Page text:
Millions facing mortgage misery for ‘longer than expected’

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Millions more people face being hit by higher mortgage costs with more than one in five fixed rate deals coming up for renewal next year, official statistics have revealed.

With the energy price cap also increasing from January, living standards will continue to be squeezed despite the fall in inflation, the UK’s budget watchdog warned.

The data analysed by i suggest that Rishi Sunak will face a challenge in his bid to convince voters that the economy is improving ahead of the general election.

The most recent available figures from the Financial Conduct Authority (FCA) show that at least 1.54 million fixed rate mortgage deals will expire over the course of 2024 – more than 20 per cent of the outstanding number of fixed rate mortgages and around 15 per cent of all mortgages.

These will all have been fixed at a time when interest rates were significantly lower than they are now, meaning the borrowers are almost certain to have to pay a higher rate.

Insiders at the Office for Budget Responsibility (OBR) have warned that concerns are growing that the full extent of the real-world impact of the Bank of England increasing interest rates had not yet been felt due to the high number of households that have not yet remortgaged.

A senior source at the OBR, which produces its own forecasts and analyses the effects of Treasury decisions, said that millions of households are due to face a significant rise in their mortgage costs as their deals expire, partly due to the increasing popularity of fixed rate deals rather than variable mortgages compared to previous decades.

The source told i: “We think that higher mortgage interest payments will continue to weigh on household disposable income for longer than we expected back in March.”

Although lenders have been offering a growing number of deals in a rate war aimed at stimulating the flagging housing market, the current average two-year fix is still 5.98 per cent, compared to 2.34 per cent in December 2021. This is an increase of £405 per month on a mortgage of £200,000.

The OBR has forecast that the average interest rate paid on all mortgages will not peak for nearly four more years, statistics buried in the small print of the recent Autumn Statement show.

The average borrower is paying just over 3 per cent but that will continue to rise, reaching 5 per cent in the third quarter of 2027, the OBR believes.

At least another million fixed rate mortgages are due to expire in 2025, according to the FCA data.

This is on top of the 680,000 households already on variable rates who are currently paying a record high average of 8.19 per cent.

While the majority of people will be remortgaging to another fixed rate mortgage, some are opting to move on to a variable rate in the hope that rates will fall or because their financial situation has changed, so they can’t meet the affordability criteria to remortgage to a new fix.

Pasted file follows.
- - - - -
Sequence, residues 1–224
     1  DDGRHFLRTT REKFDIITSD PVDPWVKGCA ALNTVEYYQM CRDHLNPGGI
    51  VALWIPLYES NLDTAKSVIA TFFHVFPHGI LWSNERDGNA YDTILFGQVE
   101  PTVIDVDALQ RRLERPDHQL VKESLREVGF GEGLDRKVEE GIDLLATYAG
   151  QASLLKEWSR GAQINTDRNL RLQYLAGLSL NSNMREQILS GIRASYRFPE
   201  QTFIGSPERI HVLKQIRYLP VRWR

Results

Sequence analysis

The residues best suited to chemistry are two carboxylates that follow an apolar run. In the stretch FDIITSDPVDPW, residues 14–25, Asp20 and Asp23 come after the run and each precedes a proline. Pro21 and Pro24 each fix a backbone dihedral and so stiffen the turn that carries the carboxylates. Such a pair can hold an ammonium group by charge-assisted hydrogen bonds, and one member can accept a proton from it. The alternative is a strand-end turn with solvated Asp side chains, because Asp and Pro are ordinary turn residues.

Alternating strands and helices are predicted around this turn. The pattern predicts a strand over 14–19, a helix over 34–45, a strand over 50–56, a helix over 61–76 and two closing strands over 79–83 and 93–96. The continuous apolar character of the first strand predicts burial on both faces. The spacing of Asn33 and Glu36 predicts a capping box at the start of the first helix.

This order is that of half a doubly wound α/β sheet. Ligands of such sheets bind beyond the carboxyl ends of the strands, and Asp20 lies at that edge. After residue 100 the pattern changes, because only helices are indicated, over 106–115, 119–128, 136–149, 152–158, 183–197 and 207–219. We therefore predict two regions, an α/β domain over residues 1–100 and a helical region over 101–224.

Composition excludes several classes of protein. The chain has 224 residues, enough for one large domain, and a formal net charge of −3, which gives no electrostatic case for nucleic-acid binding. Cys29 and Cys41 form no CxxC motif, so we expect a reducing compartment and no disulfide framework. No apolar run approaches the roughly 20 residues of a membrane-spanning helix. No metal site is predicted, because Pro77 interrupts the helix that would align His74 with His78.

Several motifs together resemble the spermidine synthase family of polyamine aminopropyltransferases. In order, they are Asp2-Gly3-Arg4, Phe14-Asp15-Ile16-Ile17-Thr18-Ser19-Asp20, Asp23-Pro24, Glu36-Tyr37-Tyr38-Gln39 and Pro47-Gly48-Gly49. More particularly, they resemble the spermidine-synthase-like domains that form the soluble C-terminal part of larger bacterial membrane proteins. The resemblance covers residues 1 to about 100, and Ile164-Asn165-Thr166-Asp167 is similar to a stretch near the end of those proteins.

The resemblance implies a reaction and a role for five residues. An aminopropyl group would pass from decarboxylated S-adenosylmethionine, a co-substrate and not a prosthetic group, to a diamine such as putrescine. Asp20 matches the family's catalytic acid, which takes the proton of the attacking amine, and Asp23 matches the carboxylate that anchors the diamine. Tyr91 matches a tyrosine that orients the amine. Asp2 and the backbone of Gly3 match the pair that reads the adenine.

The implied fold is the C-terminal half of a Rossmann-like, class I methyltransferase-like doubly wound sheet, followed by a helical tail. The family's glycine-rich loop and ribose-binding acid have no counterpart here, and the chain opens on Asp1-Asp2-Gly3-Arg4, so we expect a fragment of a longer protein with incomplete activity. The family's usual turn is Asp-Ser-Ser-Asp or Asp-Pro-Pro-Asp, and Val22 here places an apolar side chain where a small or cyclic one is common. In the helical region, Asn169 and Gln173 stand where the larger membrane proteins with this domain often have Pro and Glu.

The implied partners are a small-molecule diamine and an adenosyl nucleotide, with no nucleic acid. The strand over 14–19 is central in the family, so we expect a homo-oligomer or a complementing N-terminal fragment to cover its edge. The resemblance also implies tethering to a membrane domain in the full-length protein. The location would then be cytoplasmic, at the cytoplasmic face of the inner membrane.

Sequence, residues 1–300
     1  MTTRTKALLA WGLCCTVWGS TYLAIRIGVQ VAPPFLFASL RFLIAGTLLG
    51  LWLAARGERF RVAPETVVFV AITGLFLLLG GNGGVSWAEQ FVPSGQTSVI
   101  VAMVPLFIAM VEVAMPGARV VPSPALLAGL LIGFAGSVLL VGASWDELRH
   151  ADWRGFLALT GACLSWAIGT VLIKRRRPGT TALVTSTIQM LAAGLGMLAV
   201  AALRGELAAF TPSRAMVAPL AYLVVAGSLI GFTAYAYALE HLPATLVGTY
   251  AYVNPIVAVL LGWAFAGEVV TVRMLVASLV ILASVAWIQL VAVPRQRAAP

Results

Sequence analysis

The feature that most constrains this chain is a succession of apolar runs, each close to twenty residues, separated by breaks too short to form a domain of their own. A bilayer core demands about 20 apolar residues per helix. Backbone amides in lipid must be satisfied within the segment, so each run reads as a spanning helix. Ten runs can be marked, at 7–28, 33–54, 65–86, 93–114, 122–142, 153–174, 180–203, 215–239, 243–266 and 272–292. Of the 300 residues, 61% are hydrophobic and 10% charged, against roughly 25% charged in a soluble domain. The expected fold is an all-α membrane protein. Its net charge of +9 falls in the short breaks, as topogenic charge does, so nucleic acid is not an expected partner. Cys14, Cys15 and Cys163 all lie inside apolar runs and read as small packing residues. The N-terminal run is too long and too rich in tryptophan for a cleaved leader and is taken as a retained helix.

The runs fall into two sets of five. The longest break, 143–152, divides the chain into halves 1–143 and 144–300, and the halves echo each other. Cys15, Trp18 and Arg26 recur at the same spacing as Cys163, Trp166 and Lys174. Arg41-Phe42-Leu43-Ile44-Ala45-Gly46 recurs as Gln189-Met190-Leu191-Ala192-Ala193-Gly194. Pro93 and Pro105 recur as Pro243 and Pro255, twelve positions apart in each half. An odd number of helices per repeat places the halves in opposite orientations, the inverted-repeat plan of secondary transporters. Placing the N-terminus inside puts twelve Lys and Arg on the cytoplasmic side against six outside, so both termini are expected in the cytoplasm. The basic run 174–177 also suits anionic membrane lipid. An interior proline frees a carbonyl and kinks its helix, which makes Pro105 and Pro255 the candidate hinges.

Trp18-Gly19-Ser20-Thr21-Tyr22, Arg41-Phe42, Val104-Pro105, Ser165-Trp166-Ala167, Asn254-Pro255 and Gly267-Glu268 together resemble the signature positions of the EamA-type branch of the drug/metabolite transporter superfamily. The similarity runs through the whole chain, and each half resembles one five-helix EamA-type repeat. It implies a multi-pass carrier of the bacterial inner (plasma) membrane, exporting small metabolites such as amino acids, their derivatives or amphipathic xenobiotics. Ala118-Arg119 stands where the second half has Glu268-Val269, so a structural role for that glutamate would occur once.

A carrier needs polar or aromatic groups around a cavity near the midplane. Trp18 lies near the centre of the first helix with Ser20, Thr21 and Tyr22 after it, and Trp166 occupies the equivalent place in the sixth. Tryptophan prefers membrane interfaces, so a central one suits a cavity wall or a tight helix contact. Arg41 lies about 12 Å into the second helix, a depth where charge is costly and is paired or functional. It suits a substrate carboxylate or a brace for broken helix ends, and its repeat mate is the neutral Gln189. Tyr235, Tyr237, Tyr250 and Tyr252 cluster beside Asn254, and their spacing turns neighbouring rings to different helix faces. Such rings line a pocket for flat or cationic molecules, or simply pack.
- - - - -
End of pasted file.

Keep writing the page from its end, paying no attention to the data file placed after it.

Bank of England Governor Andrew Bailey this week indicated rates could increase further next year, saying: “I don’t think that we can say definitively that interest rates have peaked.”

Richard Hughes, the head of the OBR, recently told MPs in a Treasury committee hearing: “Another thing that squeezes living standards in our forecast is the fact that more people are rolling off that fixed rate portion of their mortgage and rolling on to a much higher variable rate, so in addition to having inflation outstrip their earnings for a further period, they also have higher mortgage payments on the variable rate.

“It takes until the end of our forecast, which is 2027-28, for real living standards to recover to pre-pandemic level.”

Markets expect that the Bank will start cutting rates some time in the summer, which would potentially be a boost for the Government in an autumn general election.

But the OBR and FCA data suggest that it will take many more months for most individuals to benefit from lower rates.

How rates have risen

By Callum Mason

Back in December 2021, the average two-year fixed mortgage rate was 2.34 per cent, while on a five-year fix, the rate was 2.64 per cent.

Today, the average two-year fixed rate is 5.98 per cent, and for five-year fixes, it’s 5.58 per cent.

This means that someone taking out a two-year fixed mortgage worth £200,000 over 25 years today would pay £1,287 per month. Whereas two years ago, they would have paid £882 per month – £405 per month less.

Someone taking out a five-year fixed mortgage worth £200,000 over 25 years today would pay £1,237 per month. Whereas two years ago, they would have paid £911 per month – £328 per month less

Although rates are still significantly higher than they were two years ago, they have started to fall from their peak this summer. Back at the start of August, the average two-year fixed mortgage was 6.85 per cent, and the average five-year fix was 6.37 per cent.

Even though the Bank of England held its base rate at 5.25 per cent once again on Thursday, brokers have said that a mortgage “rate war” is on a “rolling boil,” as lenders rush to try and secure business by offering competitive rates.

HSBC, Nationwide, TSB and Virgin Money have all cut rates in the past week, now offering deals as low as 4.29 per cent.

Economists generally expect that the Bank of England base rate has hit its peak, and experts are now hoping a mortgage deal below 4 per cent – albeit only for those with high amounts of equity in their home – could be available soon, as financial markets have dropped the rates used to finance home loans.

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